Dominican Republic 2014 | ENERGY | FOCUS: ELECTRICITY REFORM

The Dominican Republic is seeking plentiful electricity capacity that is clean, universally distributed, and no longer hostage to rising oil prices.

Generating electrical power sufficient for public consumption and economic growth runs the gauntlet of global fluctuations in the price of input. The Dominican Republic's electricity generation had historically used oil as a major input, with price rises leading to the need to pursue alternative, and moreover, renewable avenues. This is precisely what electricity reform has sought to undertake for over a decade. The refurbishment of existing power plants has contributed to higher capacity utilization, while data of the Coordinating Body (Organismo Coordinador) of the National Interconnected Electric System (SENI), reveals that overall power generation, formerly 90% dependent on liquid petroleum, is today 40% liquid petroleum based, with 14% derived from coal, 31% from natural gas, 14% hydroelectric, and 1% wind power. Yet, more is required to ensure universal uninterrupted electricity supply, not to mention reduce the state's energy bill in terms of the subsidization of the current matrix, officially put at $1.4 billion in 2013. Official figures cited by Lexology indicate that by 2016 the nation will require around 600 MW of additional capacity just to tread water at today's supply level, which meets 84% of demand. Meanwhile, the figure that SENI forecasts in terms of meeting full demand is 1,500 MW by then.


Renewables have proven slow to generate sufficient reliable capacity, and hence the government has also incentivized investment in more reliable electricity sources such as coal and natural-gas-fired power generation units. With an estimated launch date of early 2018, two coal-fired power plants turning out roughly 380 MW apiece are being realized by the government at an estimated cost of $2.04 billion. The burden this places on state coffers has necessitated an inviting investor landscape for the private sector to join the party. An LNG terminal in San Pedro de Macoris is designed to facilitate the conversion of the 300 MW Cogentrix power plant belonging to privately-owned utilities enterprise CESPM, and the development of additional natural-gas-fired plants providing roughly 700 MW of capacity will foster generation matrix diversification.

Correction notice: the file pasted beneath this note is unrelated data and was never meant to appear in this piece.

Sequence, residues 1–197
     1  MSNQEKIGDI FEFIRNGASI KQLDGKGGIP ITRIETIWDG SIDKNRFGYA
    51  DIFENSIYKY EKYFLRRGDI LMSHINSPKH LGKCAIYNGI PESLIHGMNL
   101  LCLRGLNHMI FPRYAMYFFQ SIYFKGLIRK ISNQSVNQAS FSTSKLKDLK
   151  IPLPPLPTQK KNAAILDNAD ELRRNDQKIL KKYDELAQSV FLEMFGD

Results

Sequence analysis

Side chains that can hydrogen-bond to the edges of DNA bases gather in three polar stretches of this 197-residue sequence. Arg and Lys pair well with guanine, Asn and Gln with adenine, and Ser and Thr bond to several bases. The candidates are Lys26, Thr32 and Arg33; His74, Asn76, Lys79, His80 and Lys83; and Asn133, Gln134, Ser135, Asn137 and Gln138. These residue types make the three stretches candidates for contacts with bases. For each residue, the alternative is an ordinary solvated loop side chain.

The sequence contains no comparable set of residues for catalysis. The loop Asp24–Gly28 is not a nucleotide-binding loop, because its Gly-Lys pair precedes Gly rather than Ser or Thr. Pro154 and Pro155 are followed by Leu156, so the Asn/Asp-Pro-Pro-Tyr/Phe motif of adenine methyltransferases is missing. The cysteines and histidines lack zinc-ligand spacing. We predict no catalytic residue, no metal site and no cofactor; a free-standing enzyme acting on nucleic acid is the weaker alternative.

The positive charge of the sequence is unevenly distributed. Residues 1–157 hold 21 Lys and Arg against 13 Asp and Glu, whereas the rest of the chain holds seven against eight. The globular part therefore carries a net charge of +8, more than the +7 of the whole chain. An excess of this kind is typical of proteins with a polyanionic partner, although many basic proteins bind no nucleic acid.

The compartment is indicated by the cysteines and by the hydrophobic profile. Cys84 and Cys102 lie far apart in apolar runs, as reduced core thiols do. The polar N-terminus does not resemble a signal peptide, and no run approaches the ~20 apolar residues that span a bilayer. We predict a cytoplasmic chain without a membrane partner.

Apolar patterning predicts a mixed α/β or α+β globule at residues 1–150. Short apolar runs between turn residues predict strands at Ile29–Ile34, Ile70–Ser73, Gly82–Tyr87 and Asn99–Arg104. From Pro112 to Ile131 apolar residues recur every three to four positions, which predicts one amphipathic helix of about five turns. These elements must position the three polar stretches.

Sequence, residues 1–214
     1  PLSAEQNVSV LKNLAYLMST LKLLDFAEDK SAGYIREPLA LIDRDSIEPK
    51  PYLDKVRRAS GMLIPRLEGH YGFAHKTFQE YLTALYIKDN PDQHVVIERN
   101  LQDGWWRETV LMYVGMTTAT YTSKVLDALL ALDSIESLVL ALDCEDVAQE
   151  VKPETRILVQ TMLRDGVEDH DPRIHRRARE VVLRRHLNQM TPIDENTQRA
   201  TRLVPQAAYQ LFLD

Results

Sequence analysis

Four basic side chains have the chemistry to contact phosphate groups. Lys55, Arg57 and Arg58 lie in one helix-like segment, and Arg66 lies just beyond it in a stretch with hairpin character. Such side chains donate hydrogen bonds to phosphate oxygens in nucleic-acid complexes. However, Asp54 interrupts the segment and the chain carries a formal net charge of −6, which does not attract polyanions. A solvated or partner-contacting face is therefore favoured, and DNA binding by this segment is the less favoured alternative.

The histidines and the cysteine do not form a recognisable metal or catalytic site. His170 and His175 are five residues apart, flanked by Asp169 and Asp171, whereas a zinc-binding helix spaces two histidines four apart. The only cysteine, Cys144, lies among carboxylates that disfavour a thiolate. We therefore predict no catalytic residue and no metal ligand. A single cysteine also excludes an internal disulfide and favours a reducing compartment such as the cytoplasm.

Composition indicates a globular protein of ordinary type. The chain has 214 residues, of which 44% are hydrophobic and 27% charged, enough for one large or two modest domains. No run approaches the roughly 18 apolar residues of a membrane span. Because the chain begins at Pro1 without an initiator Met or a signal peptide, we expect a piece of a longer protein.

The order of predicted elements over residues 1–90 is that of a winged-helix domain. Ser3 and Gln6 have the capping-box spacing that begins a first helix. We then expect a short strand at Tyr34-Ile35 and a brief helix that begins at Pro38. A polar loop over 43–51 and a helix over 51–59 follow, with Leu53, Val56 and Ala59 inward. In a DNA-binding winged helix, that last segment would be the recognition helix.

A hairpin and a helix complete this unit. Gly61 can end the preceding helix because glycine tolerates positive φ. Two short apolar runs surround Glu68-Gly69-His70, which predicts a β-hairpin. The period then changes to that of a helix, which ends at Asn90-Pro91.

A more balanced generation matrix will also enable fulfillment of the government's emission reduction commitments. Renewable Energy Incentives Law No. 57-07 of 2007 and related legislation of 2008 established the regulatory framework of the republic's renewable energy projects. It laid the groundwork for wind energy facilities with a potential cumulative initial installed capacity of 50 MW. Other renewable schemes feature micro and small hydroelectric plants of no more than 5 MW capacity, photovoltaic generation schemes of any capacity, thermo-solar facilities generating as much as 120 MW per plant, and biofuel burning plants, among others.

The sweeteners extended to encourage investment are 100% exemption from import taxes on renewable source related equipment and machinery and exemption from the Transfer Tax on Industrialized Goods and Services (ITBIS), or Dominican VAT—plus sales taxes. Tax breaks aside, legislation foresees no obligation for renewable energy producers (gencos) to sell to the wholesale market, and the right to sell to distribution companies (discos) at the market's prevailing marginal cost. The Superintendency of Electricity (SIE) will meanwhile determine the price at which gencos sell surplus generation. The government has wisely taken bureaucracy to task to prevent costly delays to project timelines. It has launched a one-stop-shop that processes all approvals, permits, and certification by integrating related public entities. Meanwhile, to expedite the financing of these projects, the government has committed to the awarding of power purchase agreements (PPAs) that ensure prices and cover lenders under prevailing market conditions.